Cost remains persistent barrier against retirement advice

vanguard advice fees retirement

17 June 2024
| By Jasmine Siljic |
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The high cost of receiving financial advice continues to be a barrier preventing half of retirees from seeking an adviser’s support.

Vanguard’s latest How Australia Retires report, which surveyed more than 1,800 respondents, has underscored the unaffordability of advice in Australia as an ongoing hurdle.

“The cost of delivering advice for many advisers has increased over recent years, in part due to increased compliance obligations which has in turn reduced accessibility,” the study wrote.

Over half of Australians surveyed did not opt for advisers as a source of information and guidance when making retirement decisions.

The majority (51 per cent) cited cost as an obstacle to seeking advice. Other barriers included not thinking they need advice (27 per cent), lack of trust in advisers (20 per cent), and not knowing how to find a good adviser (15 per cent).

Research from Adviser Ratings last year discovered that financial advice fees have risen by close to 40 per cent over the last five years. The median fee was at $3,710 in 2023, up from $2,510 in 2018. For some firms, they reported charging as much as $13,000.

Meanwhile, the insights firm recently determined how much advised versus unadvised consumers are willing to spend on advice, with both cohorts citing figures well below the current costs.

The advised cohort stated they were willing to pay $1,791 on average for advice in 2023, slightly up from $1,752 in 2022. For unadvised individuals, they were willing to pay just $651 on average for advice in 2023, a rise from $553 in the previous year.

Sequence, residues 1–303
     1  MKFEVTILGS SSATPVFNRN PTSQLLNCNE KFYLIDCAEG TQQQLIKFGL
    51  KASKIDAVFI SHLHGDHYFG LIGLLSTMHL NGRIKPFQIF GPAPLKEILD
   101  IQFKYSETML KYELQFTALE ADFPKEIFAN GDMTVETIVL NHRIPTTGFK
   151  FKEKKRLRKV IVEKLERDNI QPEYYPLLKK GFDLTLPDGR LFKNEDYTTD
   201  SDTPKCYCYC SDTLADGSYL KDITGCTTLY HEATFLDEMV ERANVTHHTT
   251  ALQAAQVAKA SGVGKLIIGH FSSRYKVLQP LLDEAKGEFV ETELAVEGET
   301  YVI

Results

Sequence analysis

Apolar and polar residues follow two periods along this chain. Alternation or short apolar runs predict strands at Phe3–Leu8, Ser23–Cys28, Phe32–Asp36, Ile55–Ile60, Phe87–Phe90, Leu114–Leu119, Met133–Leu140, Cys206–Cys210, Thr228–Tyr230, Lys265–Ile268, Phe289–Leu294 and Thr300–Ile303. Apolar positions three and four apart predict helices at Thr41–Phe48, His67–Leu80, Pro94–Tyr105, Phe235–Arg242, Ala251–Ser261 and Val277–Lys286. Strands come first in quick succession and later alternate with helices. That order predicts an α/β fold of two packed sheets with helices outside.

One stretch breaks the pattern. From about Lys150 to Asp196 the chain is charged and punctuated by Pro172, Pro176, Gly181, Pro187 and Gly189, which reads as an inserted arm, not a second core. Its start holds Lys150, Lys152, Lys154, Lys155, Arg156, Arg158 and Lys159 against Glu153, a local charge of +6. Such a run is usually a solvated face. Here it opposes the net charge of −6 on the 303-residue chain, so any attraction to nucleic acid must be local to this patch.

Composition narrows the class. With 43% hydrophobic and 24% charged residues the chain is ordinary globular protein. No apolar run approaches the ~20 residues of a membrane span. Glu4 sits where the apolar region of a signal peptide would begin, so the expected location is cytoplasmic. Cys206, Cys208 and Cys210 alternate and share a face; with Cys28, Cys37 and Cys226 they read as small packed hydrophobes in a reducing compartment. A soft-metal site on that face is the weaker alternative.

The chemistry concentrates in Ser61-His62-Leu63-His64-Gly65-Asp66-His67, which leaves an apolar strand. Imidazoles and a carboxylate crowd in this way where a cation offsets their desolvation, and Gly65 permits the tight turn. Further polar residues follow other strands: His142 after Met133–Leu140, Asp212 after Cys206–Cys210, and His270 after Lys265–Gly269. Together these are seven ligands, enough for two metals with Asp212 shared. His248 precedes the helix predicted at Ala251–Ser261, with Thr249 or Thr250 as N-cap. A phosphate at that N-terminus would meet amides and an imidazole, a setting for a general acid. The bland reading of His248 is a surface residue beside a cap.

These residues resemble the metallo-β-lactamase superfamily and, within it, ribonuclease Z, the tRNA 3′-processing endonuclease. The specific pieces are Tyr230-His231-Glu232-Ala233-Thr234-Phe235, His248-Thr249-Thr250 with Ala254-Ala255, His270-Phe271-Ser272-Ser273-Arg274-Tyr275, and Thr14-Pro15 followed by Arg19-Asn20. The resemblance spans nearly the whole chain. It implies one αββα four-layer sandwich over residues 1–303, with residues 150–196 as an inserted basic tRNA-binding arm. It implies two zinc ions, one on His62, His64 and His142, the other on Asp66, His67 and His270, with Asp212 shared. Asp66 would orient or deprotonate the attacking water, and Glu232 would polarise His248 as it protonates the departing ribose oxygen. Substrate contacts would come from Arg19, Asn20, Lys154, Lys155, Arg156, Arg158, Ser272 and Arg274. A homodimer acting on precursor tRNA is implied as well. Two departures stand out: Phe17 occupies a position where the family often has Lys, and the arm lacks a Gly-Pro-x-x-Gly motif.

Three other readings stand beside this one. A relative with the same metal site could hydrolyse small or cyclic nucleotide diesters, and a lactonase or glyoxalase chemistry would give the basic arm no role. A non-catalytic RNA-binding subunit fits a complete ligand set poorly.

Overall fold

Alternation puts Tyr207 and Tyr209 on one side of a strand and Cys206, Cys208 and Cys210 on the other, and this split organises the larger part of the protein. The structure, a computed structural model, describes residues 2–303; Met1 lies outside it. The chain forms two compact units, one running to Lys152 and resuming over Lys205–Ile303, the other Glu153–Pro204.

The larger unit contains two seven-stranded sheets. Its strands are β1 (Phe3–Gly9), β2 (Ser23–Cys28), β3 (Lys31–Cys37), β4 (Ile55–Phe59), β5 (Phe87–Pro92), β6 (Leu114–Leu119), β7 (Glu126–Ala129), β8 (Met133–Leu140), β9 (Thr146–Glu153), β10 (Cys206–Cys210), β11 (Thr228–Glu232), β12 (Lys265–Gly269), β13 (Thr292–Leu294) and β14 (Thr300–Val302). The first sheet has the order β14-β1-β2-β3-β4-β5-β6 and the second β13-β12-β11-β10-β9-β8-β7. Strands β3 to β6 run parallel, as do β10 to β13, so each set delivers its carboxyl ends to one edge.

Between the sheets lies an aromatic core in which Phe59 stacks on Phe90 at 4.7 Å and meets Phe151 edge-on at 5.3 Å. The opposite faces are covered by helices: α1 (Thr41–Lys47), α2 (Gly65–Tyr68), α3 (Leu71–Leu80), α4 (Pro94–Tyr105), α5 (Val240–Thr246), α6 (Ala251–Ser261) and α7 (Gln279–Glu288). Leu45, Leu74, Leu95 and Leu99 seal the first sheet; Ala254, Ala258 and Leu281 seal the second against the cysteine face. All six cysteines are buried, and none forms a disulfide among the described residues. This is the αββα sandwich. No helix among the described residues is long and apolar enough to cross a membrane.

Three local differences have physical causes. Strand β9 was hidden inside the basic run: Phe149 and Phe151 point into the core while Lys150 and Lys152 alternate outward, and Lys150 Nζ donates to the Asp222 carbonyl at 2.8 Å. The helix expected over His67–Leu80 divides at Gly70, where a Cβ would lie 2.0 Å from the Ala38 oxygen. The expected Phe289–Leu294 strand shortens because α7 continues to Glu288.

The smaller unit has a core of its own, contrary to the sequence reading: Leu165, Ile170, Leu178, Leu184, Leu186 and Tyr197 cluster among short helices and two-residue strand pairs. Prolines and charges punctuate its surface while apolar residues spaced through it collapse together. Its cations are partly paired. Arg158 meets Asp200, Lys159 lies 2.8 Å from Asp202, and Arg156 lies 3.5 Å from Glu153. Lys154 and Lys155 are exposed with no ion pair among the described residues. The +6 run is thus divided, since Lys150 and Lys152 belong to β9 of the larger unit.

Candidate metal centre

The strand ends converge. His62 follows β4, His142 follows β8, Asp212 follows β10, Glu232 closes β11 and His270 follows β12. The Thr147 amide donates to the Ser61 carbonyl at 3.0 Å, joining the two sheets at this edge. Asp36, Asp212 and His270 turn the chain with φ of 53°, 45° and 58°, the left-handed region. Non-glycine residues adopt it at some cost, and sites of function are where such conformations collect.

While Vanguard’s research highlighted cost as a significant barrier, one in five Australians said they would consider consulting with an adviser in the future.

Nearly one-quarter (24 per cent) of those surveyed said they would be open to seeing an adviser in an ongoing relationship, while 25 per cent would prefer a once-off setting.

Daniel Shrimski, managing director of Vanguard Australia, emphasised the value of advice for those approaching retirement.

“Retirement planning can be complex and involves a multitude of competing decisions. Our research shows that Australians who have sought financial advice are more confident about their retirement than those who haven’t, and are also more likely to have a clear retirement plan in place,” he said.

“Importantly, good financial advice is about more than just picking the right investment or earning higher returns. Our research shows that the benefits Australians expect most from advice are actually related to emotional security – they want advice to help them feel confident about preparing for retirement and that they are on track to achieve the lifestyle they envision.”

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